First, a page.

After lunch my ordinary, everyday, housewifely day continues. Last night we had dinner at a sleek Asian/fusion restaurant. The rainbow nation was out in force; a colourful parade of designer shoes and bags. We could have been anywhere in the world. Tomorrow we’re having lunch at a popular Italian restaurant. The food will be every bit as good as in Italy. But today we’re at home and I decide to make lemon curd. Friends are asking for it and the tree is heavy with fruit. I struggle to reach the higher ones and think of Joseph again. He can’t do heavy work anymore, but standing on a ladder to harvest fruit is something he enjoys and I wish he was here.
Thinking of gardens and gardeners turns my thoughts to friends who live a few blocks away. While they were away for a few days this past week, their much-loved gardener committed suicide in their garden shed. I write it so simply while it is anything but. Everyone, from their maid who found him to their neighbours who rushed to her assistance, is traumatised. His employers are heartbroken and confused. Reasons are vague and obscure but it seems there was some point of honour involved and some threat of retribution. Something unknown and African that we will probably never know or understand.
His relatives, apologetic and distressed, have asked if they can perform a small ceremony in the shed next week. They need to ‘free his spirit’ so it can accompany his body to the funeral which will be held in Zimbabwe. They are Christians. This doesn’t quite fit with conventional belief patterns but it’s okay. It’s respectful and all who attend the ceremony will be welcomed and given refreshments. It is accepted. Cultures collide and blend a little.
This has all reminded me that last year a school taxi driver from the little school up the road was found hanging from a branch in the neighbouring churchyard. In the middle of a sunny afternoon. We were horrified and stunned. We have never learned the reason but similar rumours rustle around the neighbourhood. A taboo was broken. There was only one resolution. We will never understand.
As I set out my ingredients I think about these things; this violence and hardship that hovers constantly on the fringes of all our lives. We know it’s there. We try to find ways to manage it. We hope that we can make a positive difference somewhere, somehow. Our cultures clash continuously but perhaps less stridently now. We do not live separate lives here. It isn’t possible. We’re all connected and intertwined. We think about each other and we do what we can for each other. We care even when we try not to.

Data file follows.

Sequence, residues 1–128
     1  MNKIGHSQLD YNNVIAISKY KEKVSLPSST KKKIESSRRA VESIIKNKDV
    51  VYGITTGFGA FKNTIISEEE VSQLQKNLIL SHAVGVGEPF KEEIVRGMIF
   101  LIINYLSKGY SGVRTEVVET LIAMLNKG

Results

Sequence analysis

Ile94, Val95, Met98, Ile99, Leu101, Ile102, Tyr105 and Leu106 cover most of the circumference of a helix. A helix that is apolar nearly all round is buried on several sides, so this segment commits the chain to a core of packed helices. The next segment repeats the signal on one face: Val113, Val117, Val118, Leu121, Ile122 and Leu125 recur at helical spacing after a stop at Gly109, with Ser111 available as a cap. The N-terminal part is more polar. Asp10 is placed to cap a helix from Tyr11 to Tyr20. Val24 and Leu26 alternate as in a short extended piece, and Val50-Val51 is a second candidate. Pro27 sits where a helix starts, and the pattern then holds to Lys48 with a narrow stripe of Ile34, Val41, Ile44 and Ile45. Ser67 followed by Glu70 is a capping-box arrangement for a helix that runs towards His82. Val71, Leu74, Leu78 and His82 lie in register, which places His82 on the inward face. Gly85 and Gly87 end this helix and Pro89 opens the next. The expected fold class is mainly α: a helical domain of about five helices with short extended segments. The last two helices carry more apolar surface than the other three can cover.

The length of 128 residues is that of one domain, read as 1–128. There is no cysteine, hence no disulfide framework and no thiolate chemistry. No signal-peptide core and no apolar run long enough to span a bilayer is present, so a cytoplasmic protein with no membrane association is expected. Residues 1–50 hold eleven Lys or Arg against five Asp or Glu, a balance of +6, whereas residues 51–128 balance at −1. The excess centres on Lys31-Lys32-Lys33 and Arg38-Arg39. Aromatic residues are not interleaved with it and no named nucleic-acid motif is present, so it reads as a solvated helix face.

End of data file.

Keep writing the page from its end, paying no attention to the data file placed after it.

I think of my sister’s peaceful English country garden. There is no hidden agenda. There are no broom-sellers at the gate. My internal soundtrack kicks in – ‘An English Country Garden,’ part of our primary school music syllabus. We belted it out year after year. I doubt any of us had ever seen a hollyhock. Back then we all pretended to be British. We were steeped in the literature, the music and the culture. But Africa was always at the back door, waiting to be let in. Today there is no pretence. We’re all African and we’re all trying to get on with it.
I line up the lemons and start baking. I love the process; it’s productive but soothing. I especially enjoy using recipes from my past. My lemon curd is my grandmother’s; written in her hand on old blue paper. She speaks to me from the page and I remember her kitchen, her baking and her regular Saturday morning tea parties. Born in this country in 1893 to new British immigrants, with the exception of her school days spent back in Oxford, she lived here all her life. I follow her instructions exactly; same recipe different kitchen, very different time. Her voice is often in my ear and I carry her with me. I often wonder what she would make of our ‘new’ South Africa. I don’t think she’d like it. But I do. Despite everything, I love it and I thank God for Mandela and our first democratic elections in 1994.
Blending the lemons, butter and sugar, I think of my children in London. They love south Africa too but they’ve lived away long enough to find other things to love as well. They have become accustomed to different standards and different lifestyles and part of me hopes they will stay there. It seems less complicated in so many ways.
Every day something else tugs at my heartstrings or nudges my conscience. I pour out the lemon curd. Sunshine in jars. Granny Bee would approve. A shadow falls over the kitchen and a sudden crack of thunder shatters the domestic peace. The first storm of the season breaks and the cracked earth steams under the rainfall. Lightning shreds the sky repeatedly. Dangerously. I think – not for the first time – that this is not a country for the fainthearted either physically or emotionally. It’s complicated, unpredictable, fractious and magnificent. It takes its toll. Perhaps my ancestors should have stayed in the Northern Hemisphere where they belonged. But they didn’t. They came here with their fair skins and European dreams. The smell of rain on the parched garden washes into the kitchen. It’s the smell of new beginnings and it’s the smell of hope. The soundtrack in my head changes abruptly. ‘An English Country Garden’ is knocked off the charts. Toto takes over with ‘I bless the rains down in Africa’ and it is so much more appropriate. I dance in the kitchen.